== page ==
A Narrative of the captivity of Nehemiah How, who was taken by the Indians at the Great Meadow Fort above Fort Dummer, where he was an inhabitant, October 11th, 1745. Giving an account of what he met with in his traveling to Canada, and while he was in prison there. Together with an account of Mr. How’s death at Canada. Exceedingly valuable for the many items of exact intelligence therein recorded, relative to so many of the present inhabitants of New England, through those friends who endured the hardships of captivity in the mountain deserts and the damps of loathsome prisons. Had the author lived to have returned, and published his narrative himself, he doubtless would have made it far more valuable, but he was cut off while a prisoner, by the prison fever, in the fifty-fifth year of his age, after a captivity of one year, seven months, and fifteen days. He died May 25th, 1747, in the hospital at Quebec, after a sickness of about ten days. He was a husband and father, and greatly beloved by all who knew him.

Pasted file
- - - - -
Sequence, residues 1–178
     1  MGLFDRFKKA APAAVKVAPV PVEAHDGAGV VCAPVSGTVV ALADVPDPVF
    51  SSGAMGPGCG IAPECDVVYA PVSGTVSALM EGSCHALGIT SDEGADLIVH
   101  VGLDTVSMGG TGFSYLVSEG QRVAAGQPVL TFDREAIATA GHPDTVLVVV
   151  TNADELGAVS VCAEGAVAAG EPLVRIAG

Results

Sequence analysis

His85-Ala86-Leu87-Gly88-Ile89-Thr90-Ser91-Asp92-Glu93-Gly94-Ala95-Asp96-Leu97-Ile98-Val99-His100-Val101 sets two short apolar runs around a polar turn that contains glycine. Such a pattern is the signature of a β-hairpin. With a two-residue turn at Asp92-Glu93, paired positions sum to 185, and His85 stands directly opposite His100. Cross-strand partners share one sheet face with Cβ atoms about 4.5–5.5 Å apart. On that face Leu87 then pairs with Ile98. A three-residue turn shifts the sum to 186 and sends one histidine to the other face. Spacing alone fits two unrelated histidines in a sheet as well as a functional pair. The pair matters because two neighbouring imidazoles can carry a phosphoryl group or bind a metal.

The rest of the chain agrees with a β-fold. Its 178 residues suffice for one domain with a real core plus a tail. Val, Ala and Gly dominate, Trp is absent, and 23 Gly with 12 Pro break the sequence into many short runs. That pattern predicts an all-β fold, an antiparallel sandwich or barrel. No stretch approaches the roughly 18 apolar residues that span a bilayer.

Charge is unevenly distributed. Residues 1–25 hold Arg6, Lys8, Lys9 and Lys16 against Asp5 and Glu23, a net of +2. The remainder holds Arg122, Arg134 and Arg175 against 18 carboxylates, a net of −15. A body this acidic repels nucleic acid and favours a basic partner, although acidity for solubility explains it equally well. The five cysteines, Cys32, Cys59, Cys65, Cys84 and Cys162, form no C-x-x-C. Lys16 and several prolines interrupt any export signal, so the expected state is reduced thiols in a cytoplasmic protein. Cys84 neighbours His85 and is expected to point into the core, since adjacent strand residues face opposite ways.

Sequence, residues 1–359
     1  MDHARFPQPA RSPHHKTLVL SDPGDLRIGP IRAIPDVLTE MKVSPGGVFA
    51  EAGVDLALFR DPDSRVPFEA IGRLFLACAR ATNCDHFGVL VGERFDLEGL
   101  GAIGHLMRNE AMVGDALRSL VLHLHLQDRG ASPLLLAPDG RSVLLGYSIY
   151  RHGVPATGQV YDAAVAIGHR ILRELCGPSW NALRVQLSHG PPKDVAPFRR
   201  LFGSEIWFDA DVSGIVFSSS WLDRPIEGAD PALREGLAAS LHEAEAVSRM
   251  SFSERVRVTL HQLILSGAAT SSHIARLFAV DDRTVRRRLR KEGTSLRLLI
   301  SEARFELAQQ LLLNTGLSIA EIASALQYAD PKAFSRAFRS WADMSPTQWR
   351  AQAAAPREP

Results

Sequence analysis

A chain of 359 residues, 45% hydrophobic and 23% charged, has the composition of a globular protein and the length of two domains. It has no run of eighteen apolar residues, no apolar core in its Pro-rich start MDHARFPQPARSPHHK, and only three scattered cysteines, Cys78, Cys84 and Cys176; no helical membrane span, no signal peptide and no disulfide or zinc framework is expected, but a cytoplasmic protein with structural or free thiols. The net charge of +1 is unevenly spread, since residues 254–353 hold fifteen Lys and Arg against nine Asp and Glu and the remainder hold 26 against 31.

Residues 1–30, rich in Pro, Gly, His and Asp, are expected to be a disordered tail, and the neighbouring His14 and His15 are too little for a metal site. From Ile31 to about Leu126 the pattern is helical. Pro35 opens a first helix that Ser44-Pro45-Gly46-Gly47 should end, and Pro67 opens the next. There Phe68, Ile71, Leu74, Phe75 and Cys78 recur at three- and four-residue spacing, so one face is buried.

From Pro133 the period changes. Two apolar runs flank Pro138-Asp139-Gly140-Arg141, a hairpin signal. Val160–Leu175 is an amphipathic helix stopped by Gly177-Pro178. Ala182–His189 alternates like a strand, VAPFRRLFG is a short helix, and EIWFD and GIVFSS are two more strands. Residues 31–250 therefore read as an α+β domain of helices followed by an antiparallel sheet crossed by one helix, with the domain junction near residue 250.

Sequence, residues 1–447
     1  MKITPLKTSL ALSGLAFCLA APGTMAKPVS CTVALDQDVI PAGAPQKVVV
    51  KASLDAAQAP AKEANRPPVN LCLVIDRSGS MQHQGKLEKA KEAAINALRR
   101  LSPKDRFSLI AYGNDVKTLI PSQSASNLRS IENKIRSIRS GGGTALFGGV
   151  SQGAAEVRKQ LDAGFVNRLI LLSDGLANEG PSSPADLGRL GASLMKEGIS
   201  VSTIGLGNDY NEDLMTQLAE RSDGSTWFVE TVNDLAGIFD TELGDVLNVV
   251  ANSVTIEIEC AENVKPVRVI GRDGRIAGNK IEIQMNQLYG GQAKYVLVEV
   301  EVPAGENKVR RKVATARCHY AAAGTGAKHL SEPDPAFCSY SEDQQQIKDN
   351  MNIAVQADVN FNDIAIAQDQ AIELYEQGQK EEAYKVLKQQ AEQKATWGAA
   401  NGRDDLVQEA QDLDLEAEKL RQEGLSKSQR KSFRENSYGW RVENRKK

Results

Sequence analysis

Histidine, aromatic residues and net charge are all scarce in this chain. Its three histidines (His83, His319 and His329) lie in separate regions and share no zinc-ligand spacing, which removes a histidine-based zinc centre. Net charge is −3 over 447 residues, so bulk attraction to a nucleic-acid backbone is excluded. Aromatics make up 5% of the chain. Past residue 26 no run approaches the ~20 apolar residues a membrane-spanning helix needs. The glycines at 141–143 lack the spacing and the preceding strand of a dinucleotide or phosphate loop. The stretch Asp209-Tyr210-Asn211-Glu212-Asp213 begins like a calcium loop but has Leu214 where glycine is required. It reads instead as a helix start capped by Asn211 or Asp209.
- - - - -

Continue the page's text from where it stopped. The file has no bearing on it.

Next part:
Stroud, Edwin Gerrish; engineer and contractor; born, Bonfield, Ill., Jan. 31, 1878; son of Thomas and Jane Pearson Gerrish Stroud; educated, public schools, Seminary and Purdue University, B. S., in M. E., 1899; married, Cleveland, Oct. 15, 1902, Cora L. Campbell; issue, one son, Thomas Douglas Stroud (age 6); fifteen years engineering and business experience,
B. S. Stroud, a prominent citizen of Manchester, and register of Coffee County, was born in Warren County, Tennessee, February 14, 1854. He is the son of B. S. and Nancy (Winton) Stroud, the former born in 1825 in Warren County, and the latter February 2, 1826, in Coffee County. Their deaths occurred October 12,
1st Class Private, 324th Regt., 81st Div., Hdqrs. Co. Born in Union County; the son of Mr. and Mrs. R. C. Stroud. Entered the service May 25, 1918, at Wilson, N.C. Was sent to Camp Jackson, S. C., and from there to Camp Mills. Sailed for France Aug. 5, 1918. Fought on Meuse-Argonne Front. Returned